A look back at presidential upsets

One of the biggest upsets in the history of U.S. presidential elections occurred on November 8, 2016.  Donald Trump’s victory over Hillary Clinton proved most if not all pollsters badly wrong in their forecasts.  Old Hartselle voters can remember 1948 if their parents were into politics.  At that time there weren’t nearly as many polls as there are now and the science of opinion sampling had not advanced very far.  As a result of the November 8 goof many are inclined to believe that it still has a long way to go.  For many years after 1948 when the party with which one was identified was predicted to lose a presidential election, supporters of the supposed second place candidate would regularly say, “Remember 1948!”  Fortunately, actual voting behavior is still not perfectly predictable.

Nov. 2, 1948—Hartselle’s small group of Republican voters are very much looking forward to listening to election returns on the radio tonight.   They can receive WGN (“World’s Greatest Newspaper”) out of Chicago very well as it’s a clear channel station.  These Republican loyalists are very confident that, after 16 long years of Democratic rule, Republicans will at last prevail.  They have a good candidate in Gov. Tom Dewey of New York, who ran the late President Roosevelt a good race four years ago, and they feel that the nonelected President, Harry Truman, will be a relatively easy man for Dewey to beat.

Nov. 3, 1948—The genuine Hartselle Democrats were jubilant today.  Despite virtually all predictions to the contrary, President Truman soundly defeated New York’s Governor Dewey.  Alabama had no role in the Truman victory, however,  because his name was not even on the ballot.  Instead, Democrat electors were pledged to South Carolina Governor J. Strom Thurmond, the States’ Rights or Dixiecrat candidate.  Thurmond will get Alabama’s electoral votes when the men chosen meet at the Capitol in December to formally cast them.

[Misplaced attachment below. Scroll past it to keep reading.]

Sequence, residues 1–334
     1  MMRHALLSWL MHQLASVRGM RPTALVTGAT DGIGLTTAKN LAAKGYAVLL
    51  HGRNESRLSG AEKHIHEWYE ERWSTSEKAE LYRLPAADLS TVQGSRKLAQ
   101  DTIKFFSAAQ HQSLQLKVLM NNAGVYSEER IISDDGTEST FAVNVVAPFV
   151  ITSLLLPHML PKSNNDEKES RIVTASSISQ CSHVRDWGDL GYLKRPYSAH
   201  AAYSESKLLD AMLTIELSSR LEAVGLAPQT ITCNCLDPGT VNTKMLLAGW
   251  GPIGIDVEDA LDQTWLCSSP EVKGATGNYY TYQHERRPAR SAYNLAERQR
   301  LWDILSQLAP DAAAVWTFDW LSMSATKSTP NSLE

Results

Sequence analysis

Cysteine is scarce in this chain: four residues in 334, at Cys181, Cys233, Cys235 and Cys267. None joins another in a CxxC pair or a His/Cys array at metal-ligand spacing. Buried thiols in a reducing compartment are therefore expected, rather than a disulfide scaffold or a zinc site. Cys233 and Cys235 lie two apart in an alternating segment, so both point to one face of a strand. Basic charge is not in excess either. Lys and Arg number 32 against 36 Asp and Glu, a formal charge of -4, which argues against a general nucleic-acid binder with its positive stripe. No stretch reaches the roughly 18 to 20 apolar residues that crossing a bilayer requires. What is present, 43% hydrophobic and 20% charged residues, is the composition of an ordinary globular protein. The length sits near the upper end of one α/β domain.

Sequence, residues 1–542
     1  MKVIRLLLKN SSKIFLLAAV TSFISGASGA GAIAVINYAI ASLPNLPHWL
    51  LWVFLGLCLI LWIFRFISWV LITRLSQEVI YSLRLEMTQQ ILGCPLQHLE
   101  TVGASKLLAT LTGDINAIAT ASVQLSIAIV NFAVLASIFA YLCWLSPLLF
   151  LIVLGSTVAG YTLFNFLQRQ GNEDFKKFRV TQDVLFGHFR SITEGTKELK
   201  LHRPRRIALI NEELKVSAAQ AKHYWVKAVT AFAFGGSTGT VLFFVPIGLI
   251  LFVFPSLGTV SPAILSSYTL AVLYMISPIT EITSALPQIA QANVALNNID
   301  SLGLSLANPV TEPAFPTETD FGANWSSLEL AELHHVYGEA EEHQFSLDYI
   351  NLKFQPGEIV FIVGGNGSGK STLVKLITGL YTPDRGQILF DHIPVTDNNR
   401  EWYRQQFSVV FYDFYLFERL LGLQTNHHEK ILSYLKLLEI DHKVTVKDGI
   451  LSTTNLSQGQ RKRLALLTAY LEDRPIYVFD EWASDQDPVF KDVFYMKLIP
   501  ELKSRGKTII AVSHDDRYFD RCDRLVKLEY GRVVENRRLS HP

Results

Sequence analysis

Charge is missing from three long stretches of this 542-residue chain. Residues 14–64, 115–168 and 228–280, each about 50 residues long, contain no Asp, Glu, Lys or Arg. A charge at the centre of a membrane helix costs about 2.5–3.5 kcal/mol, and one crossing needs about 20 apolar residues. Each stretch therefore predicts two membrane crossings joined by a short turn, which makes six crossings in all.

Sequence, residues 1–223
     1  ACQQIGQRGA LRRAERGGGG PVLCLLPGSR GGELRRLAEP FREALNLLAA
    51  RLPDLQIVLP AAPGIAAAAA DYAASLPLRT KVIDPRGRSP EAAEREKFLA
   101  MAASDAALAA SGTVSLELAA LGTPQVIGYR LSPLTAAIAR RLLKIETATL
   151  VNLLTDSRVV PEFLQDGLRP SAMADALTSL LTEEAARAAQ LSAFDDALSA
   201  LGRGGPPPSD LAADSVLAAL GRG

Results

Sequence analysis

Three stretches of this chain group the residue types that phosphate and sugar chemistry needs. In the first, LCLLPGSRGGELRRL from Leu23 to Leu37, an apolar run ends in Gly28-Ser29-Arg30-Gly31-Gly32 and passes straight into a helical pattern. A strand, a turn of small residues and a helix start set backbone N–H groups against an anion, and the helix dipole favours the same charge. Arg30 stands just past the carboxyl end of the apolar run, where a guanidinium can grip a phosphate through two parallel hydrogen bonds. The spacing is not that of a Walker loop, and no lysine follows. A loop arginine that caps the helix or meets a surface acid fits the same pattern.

Before 1948 the election in which a major publication made a colossal error had occurred a dozen years earlier, in 1936, when President Franklin Roosevelt was running for a second term.  At that time, scientific polling was in its infancy.  Most opinion sampling was done in the form of straw votes taken by magazines and newspapers.  The following represents how the 1936 election results might have impacted Hartselle.

Nov. 3, 1936—Hartselle’s infinitesimally small group of Republicans are encouraged by the poll taken by a leading magazine to which many relatively affluent local residents subscribe, the Literary Digest.  The Digest has an excellent record with its mail-in surveys of predicting the results of presidential elections.  Although President Roosevelt is very popular here, especially because of the establishment of the Tennessee Valley Authority, the Civilian Conservation Corps (a camp is located east of Hartselle), and other programs to alleviate intense Depression suffering, the high standing the President has must not be shared by many other Americans.  The Digest poll has Kansas Gov. Alf Landon defeating President Roosevelt.  This prediction is in spite of the fact that Landon did not even begin campaigning until he was nominated at the Republican National Convention back in the summer.

Nov. 4, 1936—The few Hartselle residents who could afford to continue their subscriptions to the Literary Digest will now in all likelihood cancel them.  They have lost faith in the magazine.  Not only was the Digest wrong in predicting that Governor Landon would defeat President Roosevelt, they were monumentally wrong.  In some counties, especially in the South, Landon did not receive a single vote.  (The Literary Digest ceased publication a short time later.)

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